Salvaging Southside and SW Virginia

Nearly a decade has passed since the passage of the Master Settlement Agreement which divvied up more than $200 billion in cigarette company proceeds between the 50 states. Virginia chose to dedicate more than half of its share — some $770 million so far — to the tobacco-growing regions of Southside and Southwest Virginia whose inhabitants were most hurt economically by the decline of the tobacco cultivation.

A big chunk of those funds were paid directly to owners of tobacco allotments, but $432 million has been funneled into development and revitalization projects for the economically lagging regions. The commission still has a $1 billion endowment capable of passing out $60 million a year or more, more or less forever. A decade later, the questions arise: Has the money been well spent and how can the funds be better spent in the future?

John Reid Blackwell raises that question in the Times-Dispatch today, drawing heavily upon a report recently issued by a blue ribbon panel tasked with reviewing the “structure and operations” of the Tobacco Indemnification and Community Revitalization Commission, the group that has dispensed the tobacco allotment funds. The commission has spent millions following the conventional economic development play book: upgrading the region’s telecommunications infrastructure, attracting and retaining manufacturing jobs, building educational capacity and supporting entrepreneurial initiatives.

Viewed within the narrow parameters assigned to it, the panel made some sound observations and recommendations.

Given the existing state of the Southside and Southwest economies, it is fair to ask whether the expenditure of over $400 million by the TICR since the year 2000 on “regional transformation” projects has had the desired transformative effect on the regions. …

Despite this spending, population in the region continues to decline, wage rates still lag behind the rest of the state, there is persistent high unemployment and poor educational attainment is still endemic.

The panel suggests, among other things, tweaking administration of its tobacco-funded endowment, routinely updating the commission’s strategic plan and streamlining the governing organization. Some some proposals go deeper and may well encounter some resistance.

The panel recommends adopting an “investor” approach to disseminating funds rather than a grants approach, in which funds are parceled out to every town, city and county throughout the region as commissioners respond to “grass roots initiatives.” A foundation/endowment approach would view its spending plans as “investments” that continue to pay off well into the future. Along the same lines, it should fund fewer micro grants under $100,000 and more investments that offer the potential to “transform” the region. The panel also calls for collecting data and measuring outcomes.

Finally, and most importantly, the panel recommends investing more strategically in education. “The [panel] believes that education from preschool to high school and beyond high school is the future of Southside and Southwest Virginia. No miles of highways constructed, no tens of thousands of feet of water or sewer lines laid, nor any number of industrial park buildings erected can change this.”

Good recommendations all. The report provides excellent advice for ensuring that the tobacco endowment money is better spent. But the panel did not ask the really big question, which was outside the scope of its study mandate: Are the Southside and Southwest Virginia economies even salvageable in the Knowledge Economy. Is the Tobacco Commission fighting an unwinnable battle? Is the Tobacco Commission, in effect, spending hundreds of millions of dollars rearranging the deck chairs on the Titanic? I’ll tackle that issue in the next post.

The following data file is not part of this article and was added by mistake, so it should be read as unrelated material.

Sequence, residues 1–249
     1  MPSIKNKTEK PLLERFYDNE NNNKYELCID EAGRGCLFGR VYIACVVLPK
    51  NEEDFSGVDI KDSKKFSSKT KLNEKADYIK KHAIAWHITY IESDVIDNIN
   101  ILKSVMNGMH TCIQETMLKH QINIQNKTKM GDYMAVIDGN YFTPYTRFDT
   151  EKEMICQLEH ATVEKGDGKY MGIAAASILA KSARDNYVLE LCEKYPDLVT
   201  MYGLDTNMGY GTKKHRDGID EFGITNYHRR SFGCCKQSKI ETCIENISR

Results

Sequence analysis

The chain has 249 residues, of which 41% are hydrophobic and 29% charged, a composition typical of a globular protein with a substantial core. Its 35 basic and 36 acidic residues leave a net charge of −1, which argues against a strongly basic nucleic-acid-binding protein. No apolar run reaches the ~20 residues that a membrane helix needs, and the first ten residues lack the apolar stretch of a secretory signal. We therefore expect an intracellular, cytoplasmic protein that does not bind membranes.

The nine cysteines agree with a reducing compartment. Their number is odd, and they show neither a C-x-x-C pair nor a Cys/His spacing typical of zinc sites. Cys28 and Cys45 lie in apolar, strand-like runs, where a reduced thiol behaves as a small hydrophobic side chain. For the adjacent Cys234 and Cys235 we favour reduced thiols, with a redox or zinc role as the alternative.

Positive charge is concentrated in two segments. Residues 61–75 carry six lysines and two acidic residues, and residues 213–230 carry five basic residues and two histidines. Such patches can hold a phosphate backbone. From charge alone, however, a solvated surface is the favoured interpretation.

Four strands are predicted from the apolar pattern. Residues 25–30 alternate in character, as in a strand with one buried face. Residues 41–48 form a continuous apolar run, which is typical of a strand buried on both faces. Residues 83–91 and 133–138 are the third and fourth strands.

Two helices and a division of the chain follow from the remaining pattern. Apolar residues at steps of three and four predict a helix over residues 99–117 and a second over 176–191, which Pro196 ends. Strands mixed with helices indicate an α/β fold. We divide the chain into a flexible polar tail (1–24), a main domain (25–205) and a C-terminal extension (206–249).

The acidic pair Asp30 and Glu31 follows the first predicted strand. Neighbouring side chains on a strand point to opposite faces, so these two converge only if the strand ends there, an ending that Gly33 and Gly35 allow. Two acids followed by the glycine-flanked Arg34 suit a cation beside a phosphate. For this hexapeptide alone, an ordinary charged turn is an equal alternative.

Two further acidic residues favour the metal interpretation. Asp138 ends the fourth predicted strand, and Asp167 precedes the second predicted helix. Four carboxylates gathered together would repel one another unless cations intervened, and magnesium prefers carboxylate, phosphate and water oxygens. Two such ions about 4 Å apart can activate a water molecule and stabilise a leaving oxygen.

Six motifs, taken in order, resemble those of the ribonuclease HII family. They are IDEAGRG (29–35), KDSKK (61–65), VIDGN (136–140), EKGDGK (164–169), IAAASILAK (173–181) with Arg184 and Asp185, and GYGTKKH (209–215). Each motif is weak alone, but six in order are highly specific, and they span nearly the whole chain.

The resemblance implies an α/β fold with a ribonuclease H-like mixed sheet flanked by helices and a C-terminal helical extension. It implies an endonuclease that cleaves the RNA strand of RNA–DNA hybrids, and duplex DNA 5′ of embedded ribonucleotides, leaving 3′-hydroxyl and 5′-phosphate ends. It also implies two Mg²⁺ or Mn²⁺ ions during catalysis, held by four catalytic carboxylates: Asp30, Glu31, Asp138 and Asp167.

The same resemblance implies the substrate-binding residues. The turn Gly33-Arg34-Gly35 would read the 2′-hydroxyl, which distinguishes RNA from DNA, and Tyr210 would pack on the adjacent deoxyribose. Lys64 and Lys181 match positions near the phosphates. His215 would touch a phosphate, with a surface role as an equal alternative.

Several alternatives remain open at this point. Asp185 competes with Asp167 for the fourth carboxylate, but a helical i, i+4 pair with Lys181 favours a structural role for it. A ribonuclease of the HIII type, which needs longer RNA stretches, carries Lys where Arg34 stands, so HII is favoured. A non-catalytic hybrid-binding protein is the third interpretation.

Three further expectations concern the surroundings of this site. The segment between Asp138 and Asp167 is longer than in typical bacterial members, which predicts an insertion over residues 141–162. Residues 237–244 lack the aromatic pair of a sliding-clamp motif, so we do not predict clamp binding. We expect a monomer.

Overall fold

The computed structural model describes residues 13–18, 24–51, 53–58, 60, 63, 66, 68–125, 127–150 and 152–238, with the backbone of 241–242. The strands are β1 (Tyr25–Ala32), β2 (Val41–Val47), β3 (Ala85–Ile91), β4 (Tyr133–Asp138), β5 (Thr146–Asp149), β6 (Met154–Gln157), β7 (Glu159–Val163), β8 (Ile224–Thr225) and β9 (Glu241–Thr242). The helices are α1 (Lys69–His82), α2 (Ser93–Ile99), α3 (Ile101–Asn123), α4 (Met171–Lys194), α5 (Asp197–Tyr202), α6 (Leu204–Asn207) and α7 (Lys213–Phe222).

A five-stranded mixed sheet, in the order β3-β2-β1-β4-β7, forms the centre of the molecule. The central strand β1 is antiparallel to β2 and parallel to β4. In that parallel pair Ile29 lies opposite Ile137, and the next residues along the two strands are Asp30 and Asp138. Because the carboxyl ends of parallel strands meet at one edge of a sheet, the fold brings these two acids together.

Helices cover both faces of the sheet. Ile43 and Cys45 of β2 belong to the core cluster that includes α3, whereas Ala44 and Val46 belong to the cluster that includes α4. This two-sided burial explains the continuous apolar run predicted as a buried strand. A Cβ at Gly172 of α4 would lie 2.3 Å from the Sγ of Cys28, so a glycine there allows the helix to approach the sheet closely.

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  1. Anonymous Avatar

    Too bad the Tobacco Commission handed out millions to quota holders — what a scam.
    In its first efforts, the Virginia commission distributed millions to individuals who held quotas whether they actually grew the leaf or not. While at a business magazine here some years ago, we FOIA’d the 12,000 or so names and addresses of the tobacco quota holders who got the payments, which were in the neighborhood of $1,000 to $10,000 a pop.

    In one county, if I recall correctly, one third of the payees didn’t even live in the tobacco belt. Their daddies or great grand daddies held the quotas and were allowed to pass them down like some kind of medieval rent or sinecure. Some of the recipients lived on the Gold Coast of Chicago, Las Vegas or in some of the raunchier neighborhoods of Brooklyn or Philadelphia.
    They were undeserving winners in a leftover New Deal system designed to shore up little tobacco farmers and keep them from infesting cities like Raleigh, Charlotte or Richmond after the Big Tobacco bought up their failed farms penny on the dollar. It may have been a good idea at the time, but thanks to good ole Southern boy politicians, the program kept coming back up for renewal for years and was never killed. After a while it morphed into quotas to artifically restrict the supply of tobacco and keep its prices artificially high. In other words, here was argicultural socialism run by a GOVERNMENT program in a part of the country that so prided itself on being anti-government. Ya gotta love conservatives for this. Go figure. Quota holders, however, were laughing all the way to the bank as they got four or five times more for their deadly tobacco crops than for beneficial soybeans, corn or cotton.
    And here in Good Ole Virginny, the good ole boys on the Tobacco commission made sure that Bubba or Rufus living in that luxury apartment overlooking Lake Michigan or in East New York, Brooklyn got money to ease the pain caused by the dreadful end of farm socialism. Ain’t no welfare queens here. Nossir.